During this show, we discuss many different aspects of barrels and spirit aging. Here are just a few of the terms and concepts you should know:
Staves – These are the small wooden planks that make up the barrel. They are dried (or “cured”) either by kiln, or simply by being exposed to the elements for a period of time. After that, they are selected, fitted between metal bands, and then bent using heat and moisture to form the shape of the barrel.
Grain – This refers to the natural “pattern” of wood cells. There is a method of cutting wood called “quarter sawing” that allows barrel staves to fit tightly with one another. Working with the grain this way is crucial if you want to avoid stave leaks. When staves are quarter sawn, the grain can be perfectly realigned in the final product.
Char – The “char level” is simply the extent to which a spirits barrel has been burnt on the inside to impart flavor to the spirit. The vast majority of spirits barrels are charred, whereas most wine barrels are not charred.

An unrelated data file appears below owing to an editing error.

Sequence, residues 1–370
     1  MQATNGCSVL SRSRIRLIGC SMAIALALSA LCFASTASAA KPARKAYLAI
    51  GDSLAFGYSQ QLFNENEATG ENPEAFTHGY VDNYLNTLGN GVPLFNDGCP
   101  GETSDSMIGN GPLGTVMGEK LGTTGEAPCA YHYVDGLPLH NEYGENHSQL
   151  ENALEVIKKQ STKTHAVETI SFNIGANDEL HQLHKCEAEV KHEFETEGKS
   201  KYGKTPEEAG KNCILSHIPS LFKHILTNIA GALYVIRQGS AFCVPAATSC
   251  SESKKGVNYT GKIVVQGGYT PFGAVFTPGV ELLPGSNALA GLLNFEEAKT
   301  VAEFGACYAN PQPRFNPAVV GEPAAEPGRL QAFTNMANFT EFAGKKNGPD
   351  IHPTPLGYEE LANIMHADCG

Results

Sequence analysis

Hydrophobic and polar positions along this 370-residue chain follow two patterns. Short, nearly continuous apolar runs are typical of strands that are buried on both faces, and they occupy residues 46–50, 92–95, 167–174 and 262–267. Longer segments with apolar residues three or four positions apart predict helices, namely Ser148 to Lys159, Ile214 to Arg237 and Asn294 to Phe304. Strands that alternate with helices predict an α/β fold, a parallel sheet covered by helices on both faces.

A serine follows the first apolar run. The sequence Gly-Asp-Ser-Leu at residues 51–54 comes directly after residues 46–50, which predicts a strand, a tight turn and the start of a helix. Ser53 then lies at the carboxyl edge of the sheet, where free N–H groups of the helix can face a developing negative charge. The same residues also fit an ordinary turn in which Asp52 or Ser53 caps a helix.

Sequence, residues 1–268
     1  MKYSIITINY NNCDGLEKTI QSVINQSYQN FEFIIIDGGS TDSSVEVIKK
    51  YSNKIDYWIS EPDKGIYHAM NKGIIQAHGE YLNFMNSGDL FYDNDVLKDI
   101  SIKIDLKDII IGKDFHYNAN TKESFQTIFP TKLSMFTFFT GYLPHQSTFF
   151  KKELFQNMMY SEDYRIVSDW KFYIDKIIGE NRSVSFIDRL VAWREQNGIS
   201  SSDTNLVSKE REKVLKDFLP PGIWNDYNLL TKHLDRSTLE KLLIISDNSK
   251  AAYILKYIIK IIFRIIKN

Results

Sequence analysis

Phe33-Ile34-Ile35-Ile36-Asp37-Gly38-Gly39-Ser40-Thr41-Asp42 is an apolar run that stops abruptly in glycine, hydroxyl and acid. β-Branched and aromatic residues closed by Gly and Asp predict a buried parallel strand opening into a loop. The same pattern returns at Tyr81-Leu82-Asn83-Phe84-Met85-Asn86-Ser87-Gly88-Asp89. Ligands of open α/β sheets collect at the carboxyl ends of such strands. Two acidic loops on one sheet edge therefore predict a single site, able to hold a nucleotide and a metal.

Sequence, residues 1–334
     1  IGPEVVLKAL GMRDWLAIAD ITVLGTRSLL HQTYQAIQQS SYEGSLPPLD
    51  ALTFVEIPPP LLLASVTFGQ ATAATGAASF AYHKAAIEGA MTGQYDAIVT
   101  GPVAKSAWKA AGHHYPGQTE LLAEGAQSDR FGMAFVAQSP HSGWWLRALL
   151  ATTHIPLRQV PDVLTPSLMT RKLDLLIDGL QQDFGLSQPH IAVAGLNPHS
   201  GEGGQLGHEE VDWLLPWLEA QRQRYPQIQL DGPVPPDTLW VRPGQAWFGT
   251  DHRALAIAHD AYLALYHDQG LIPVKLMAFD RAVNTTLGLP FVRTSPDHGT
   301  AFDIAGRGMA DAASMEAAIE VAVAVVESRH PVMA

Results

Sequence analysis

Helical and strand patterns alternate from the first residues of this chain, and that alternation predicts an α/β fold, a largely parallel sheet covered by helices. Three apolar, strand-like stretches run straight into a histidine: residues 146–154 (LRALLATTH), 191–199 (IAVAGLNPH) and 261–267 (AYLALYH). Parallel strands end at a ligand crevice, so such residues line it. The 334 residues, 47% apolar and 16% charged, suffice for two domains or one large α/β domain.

There are four levels (simply called Char 1 – Char 4), each increasing in intensity. Char 4 is often referred to as “Alligator Char” because it leaves the inside of the barrel looking like bumpy alligator skin.
Raising A barrel – This is the process of taking a collection of staves and turning it into a working barrel. There is a lot of eyeballing, rearranging, and bending required to achieve the perfect fit.